Ibn Khaldun, a 14th century Arab scholar, wrote, “The past resembles the future as water resembles water.”
In the light of the above wisdom, India should grow very cautious in dealing with a new regime, Taliban, in Afghanistan. Belief that Afghans will take no interest in Kashmir, contradicts the historical understanding of the region. In the 18th century, tyranny of Afghans led to destruction of the huge population of Kashmir. In almost half a century of its political domination, Afghans reduced Kashmir to the lowest depths of penury, degradation and slavery. The destruction of the state was so profound that it is still etched in the memories of Kashmiris. A popular couplet in the region says;
Pursidam az kharabiye gulshan zi baghban
Afghan kashid guft ki Afghan kharab kard
(I enquired of the gardener the cause of the destruction of the garden
Drawing a deep sigh he replied, “It is the Afghans who did it”)
In the 18th century, as the Mughal empire started declining the Afghans, first under Nadir Shah and then Ahmad Shah Abdali, set their eyes on India’s riches. The loot, destruction and pillage caused by the Afghans in their repeated invasions are still a part of folklore. Kashmir, ruled by a Mughal governor, was always under the threat of an Afghan invasion.
Ahmad Shah Abdali deputed Asmat Ullah Khan to capture Kashmir in 1748. The Afghan forces were resisted valiantly by the Kashmiri forces led by Afrasiyab Khan. The battle was decisively won and the Afghan commander, Asmat, was killed. A failed Abdali took to deceit. A servant was bribed to poison Afrasiyab in 1753, throwing Kashmir into a state of anarchy. A feud over succession to the governorship, after the assassination of Afrasiyab, led two Kashmiri noblemen, Mir Muqim Kanth and Khwaja Zahir Didamari, to approach Abdali with ‘a request to invade Kashmir’. Nobody knows what they wanted to achieve but this invitation would push Kashmir into a period of brutal oppression, unknown to the Kashmiris.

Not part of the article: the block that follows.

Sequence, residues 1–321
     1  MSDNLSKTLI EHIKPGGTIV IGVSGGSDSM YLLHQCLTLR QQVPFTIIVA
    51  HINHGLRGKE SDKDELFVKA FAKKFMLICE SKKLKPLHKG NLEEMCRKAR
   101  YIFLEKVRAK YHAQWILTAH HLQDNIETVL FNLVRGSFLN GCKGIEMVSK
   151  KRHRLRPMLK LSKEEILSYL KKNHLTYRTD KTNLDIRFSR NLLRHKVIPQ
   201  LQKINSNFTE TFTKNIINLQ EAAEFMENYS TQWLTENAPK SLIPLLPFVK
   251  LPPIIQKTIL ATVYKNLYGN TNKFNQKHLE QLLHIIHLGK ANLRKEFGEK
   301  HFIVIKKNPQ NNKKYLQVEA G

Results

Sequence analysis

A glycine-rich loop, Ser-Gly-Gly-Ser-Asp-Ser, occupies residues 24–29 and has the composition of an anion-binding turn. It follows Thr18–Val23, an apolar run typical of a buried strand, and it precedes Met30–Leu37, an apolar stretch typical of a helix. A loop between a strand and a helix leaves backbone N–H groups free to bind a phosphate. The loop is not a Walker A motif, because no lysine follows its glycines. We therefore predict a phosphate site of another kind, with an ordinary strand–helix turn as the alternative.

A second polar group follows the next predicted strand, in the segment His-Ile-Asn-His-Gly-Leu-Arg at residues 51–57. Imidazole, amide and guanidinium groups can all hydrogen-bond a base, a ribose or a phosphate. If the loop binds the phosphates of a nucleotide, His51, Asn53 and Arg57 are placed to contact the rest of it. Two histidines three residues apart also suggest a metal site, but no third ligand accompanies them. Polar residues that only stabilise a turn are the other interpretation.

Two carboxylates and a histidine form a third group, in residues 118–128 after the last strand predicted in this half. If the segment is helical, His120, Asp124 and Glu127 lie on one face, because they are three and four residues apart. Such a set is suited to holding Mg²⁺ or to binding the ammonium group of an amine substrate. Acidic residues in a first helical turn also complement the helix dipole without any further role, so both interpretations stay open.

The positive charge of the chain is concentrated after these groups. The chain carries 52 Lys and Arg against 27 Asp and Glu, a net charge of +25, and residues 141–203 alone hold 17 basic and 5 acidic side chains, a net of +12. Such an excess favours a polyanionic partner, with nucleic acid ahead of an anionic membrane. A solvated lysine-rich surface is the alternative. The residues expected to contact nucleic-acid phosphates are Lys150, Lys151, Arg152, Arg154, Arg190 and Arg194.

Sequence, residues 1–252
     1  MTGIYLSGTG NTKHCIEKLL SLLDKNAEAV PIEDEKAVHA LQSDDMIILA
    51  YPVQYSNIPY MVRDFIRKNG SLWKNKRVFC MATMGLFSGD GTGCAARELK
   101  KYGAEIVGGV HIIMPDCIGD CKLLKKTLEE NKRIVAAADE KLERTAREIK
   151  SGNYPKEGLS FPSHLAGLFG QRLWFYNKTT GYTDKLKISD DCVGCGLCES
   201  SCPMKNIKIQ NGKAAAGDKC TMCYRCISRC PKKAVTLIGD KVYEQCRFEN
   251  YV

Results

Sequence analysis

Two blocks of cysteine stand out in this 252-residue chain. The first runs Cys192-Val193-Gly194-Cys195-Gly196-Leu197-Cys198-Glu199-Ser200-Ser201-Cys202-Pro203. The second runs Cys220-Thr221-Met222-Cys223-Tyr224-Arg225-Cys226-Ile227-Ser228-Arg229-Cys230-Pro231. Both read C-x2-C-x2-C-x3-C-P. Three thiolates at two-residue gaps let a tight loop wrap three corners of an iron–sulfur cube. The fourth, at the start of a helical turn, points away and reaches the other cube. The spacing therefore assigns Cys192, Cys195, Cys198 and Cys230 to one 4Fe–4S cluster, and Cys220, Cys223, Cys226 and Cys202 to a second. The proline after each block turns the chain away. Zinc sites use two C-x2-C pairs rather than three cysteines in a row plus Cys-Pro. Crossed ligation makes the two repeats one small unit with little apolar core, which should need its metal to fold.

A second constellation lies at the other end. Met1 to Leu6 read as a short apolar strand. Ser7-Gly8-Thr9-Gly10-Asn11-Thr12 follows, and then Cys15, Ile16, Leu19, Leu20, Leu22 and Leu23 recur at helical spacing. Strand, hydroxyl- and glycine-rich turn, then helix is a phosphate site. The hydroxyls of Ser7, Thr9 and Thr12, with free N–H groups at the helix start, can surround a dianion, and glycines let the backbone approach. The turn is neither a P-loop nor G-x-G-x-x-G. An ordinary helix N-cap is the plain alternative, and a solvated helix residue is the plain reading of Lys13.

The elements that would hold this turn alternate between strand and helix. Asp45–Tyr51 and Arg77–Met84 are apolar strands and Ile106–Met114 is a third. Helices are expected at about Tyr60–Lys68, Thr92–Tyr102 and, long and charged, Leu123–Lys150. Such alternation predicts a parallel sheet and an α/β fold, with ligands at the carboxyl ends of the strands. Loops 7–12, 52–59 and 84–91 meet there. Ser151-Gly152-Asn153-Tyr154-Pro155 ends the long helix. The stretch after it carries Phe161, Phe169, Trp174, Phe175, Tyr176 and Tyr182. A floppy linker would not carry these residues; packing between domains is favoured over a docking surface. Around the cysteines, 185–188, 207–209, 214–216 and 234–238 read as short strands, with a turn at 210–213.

In 1753, the Afghan army, with an invitation from Mir Muqim and Khwaja Zahir, under Abdullah Khan Ishk Aqasi met Kashmiri forces near Shopian. In a battle stretched over 15 days, the Afghan army with its stooges inside Kashmir secured a win. The governor of Kashmir was captured and sent to Kabul, while Aqasi ascended the throne of Kashmir as a viceroy of Abdali. For the next five months, Abdullah Khan Ishk Aqasi let loose a reign of terror rarely witnessed elsewhere in the world.
Walter Lawrence, a 19th century settlement commissioner of Kashmir, in his book ‘Kashmir Valley’ has described this period as ‘a time of brutal tyranny’. Afghans assembled merchants and noblemen at a place and forced them to surrender their wealth. Those who did not follow were killed and their houses ransacked. At times, whole families were killed for resisting the loot. Jalil, a rich Muslim merchant, was tortured with red-hot iron rods on the suspicion of hiding money. Another, Qazi Khan was tortured with his son till death because they resisted the loot of their hard earned money. The peasantry was destroyed, merchants had to migrate, shops were shut down and women were captured. After five months, when Aqasi was sure that no more could be extracted from the valley, he left a destroyed ‘paradise’ under the governorship of Abdullah Khan Kabuli.
Abdullah Khan Kabuli was no good. At this time a resistance movement under Abdul Hassan Bandey mobilized Kashmiris against the Afghan rule. The chief adviser of Kabuli, Sukh Jiwan Mal, collaborated with Bandey and Kabuli was assassinated. Sukh Jiwan Mal became Raja with Bandey as his Prime Minister. But, it was just the start for decades of Afghan invasions. In 1762, Nur-ud-din Bamzai led Afghans defeated Sukh Jiwan. For the next half a century, the valley remained under Afghan domination. A period about which, Lawrence writes;
“Pathan (Afghan) rulers are now only remembered for their brutality and cruelty, and it is said of them that they thought no more of cutting off heads than of plucking flowers.
Sar buridan pesh in sangin dilan gulchidan ast
The whole Kashmir valley, innocent citizens, paid the price for the maneuvers of Mir Muqim and Khwaja Zahir. They, for their selfish interests, threw the valley under the bus. History teaches us lessons to not repeat mistakes, otherwise history is no different from fiction. We should understand that no Mir Muqim should,for selfish reasons, be allowed to burn the valley this time.
Source: Awaz The Voice